Academic journal article French Forum

OuLiPotemkin: Down with the Tyranny of Constraints!

Academic journal article French Forum

OuLiPotemkin: Down with the Tyranny of Constraints!

Article excerpt

In 1870, in the month right before the beginning of the French--Prussian war, an almost unknown writer deposits a new book called Poesies II at the Depot Legal of the French Bibliotheque Nationale. Isidore Ducasse (better known to posterity under his nom de plume: Comte de Lautreamont) believes that he has again produced a masterpiece. This time he hopes his new volume will bring the success he deserves, unlike the preceding one, Les Chants de Maldoror that, much to his chagrin, was not noticed by the readership as expected.

Alas, Poesies II will have no more success than Les Chants de Maldoror and it will not be until the late 1930s, when Andre Breton and the surrealists discover it, that Ducasse's works will finally be recognized for their originality and innovation. Fame and fortune for its commentators will come in the late 1970s when Poesies II is regarded as the text that, in its time, opened the coffin of the Romantic literary movement and was a precursor to the language poetry that becomes the mark of French poetry at the end of the 20th century. The group Tel Quel and, in particular, Marcelin Pleynet will foreground Ducasse's work. The study of Ducasse's work will be an important part of Julia Kristeva's reflection on negativity in poetry in her book La Revolution du langage poetique published in 1974. For example, she writes: "In Poesies II one has to read Isidore Ducasse's declaration about poetry not as a negation of a negation--even if it seems that way, but as the affirmation of the trace of negativity, or as an affirmation of a necessity that poetry can only exist in a negative state of the discourse." (1)

Given the importance of Ducasse's work for the Tel Quel group in the 70s, it is poetic justice that, today, Ducasse's ideas about poetry appear more in line with what could be described as the poetics of the Oulipo, a movement which, historically, has ties with the literary journal Change that was Tel Quel's preeminent intellectual challenger in the 70s and 80s. While Kristeva and the Tel Quel group will recognize Ducasse for the materialism and the social conviction of his ideas about poetic discourse, Change and the Oulipo group will claim Ducasse's legacy because of his scientific approach to poetics and his resolute conviction that the salvation of poetry lies in its firm conformity to a rationalistic and formalist line.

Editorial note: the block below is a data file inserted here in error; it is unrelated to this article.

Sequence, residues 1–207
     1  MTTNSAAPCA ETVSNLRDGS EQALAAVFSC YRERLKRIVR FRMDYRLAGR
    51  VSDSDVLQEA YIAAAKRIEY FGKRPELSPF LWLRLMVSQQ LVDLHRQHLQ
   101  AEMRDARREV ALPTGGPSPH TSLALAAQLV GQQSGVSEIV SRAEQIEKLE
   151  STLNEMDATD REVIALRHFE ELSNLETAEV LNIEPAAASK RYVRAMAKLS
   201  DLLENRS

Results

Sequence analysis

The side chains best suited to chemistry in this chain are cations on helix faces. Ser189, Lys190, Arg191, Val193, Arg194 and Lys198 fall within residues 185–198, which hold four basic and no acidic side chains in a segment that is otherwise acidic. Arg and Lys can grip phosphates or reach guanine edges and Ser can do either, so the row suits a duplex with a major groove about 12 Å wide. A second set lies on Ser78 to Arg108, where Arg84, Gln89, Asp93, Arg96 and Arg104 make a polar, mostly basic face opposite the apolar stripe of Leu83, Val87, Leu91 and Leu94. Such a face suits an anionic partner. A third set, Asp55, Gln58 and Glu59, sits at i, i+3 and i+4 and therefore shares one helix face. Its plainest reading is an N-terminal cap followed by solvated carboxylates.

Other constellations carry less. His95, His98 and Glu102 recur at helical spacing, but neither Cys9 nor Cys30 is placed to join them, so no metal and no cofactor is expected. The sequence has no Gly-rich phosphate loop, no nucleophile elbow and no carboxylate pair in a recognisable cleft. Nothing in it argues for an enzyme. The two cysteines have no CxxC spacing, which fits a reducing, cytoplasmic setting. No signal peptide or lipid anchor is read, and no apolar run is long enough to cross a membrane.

Nothing further from Isidore Ducasse than ontological lyricism, nothing further from Ducasse's poetry than the unique poem for the special occasion. With eloquent fury he denounces the poetic moments when Lamartine celebrates the color of his mother's hair or when Hugo glorifies the sweat steaming off his father's horse after the battle of Austerlitz. Ducasse's best known sentence is: "[In poetry] I am not interested in case studies; I am only into finding rules." (2) Further along he finds it necessary to add a few remarks about the necessary state of mind of a true writer: "The writers who are familiar with the capacities of reason are much stronger than those who are totally unfamiliar with its power." (3) This remark certainly constitutes what the Oulipo movement calls "anticipatory plagiarism" [plagiat par anticipation]. Indeed, in 1932, Raymond Queneau, the historical founder of Oulipo, writes:

  The seventeenth century classical playwright who writes his tragedy
  according to a certain number of constraints that he is familiar with
  is freer than the poet who writes anything that comes to his head and
  who, in fact, is the slave of rules that he does not know. (4)

Finally, it is also Ducasse who wrote: "When I write, I am fully in control of my thoughts." (5)

The Oulipo movement is officially founded on February 13th, 1961--no, it was not a Friday! On that date the Secretaire General particulier du Vice-Curateur Baron du College de Pataphysique performs the official naming of the group that is first a subaltern group within the College de Pataphysique. …

Search by... Author
Show... All Results Primary Sources Peer-reviewed


An unknown error has occurred. Please click the button below to reload the page. If the problem persists, please try again in a little while.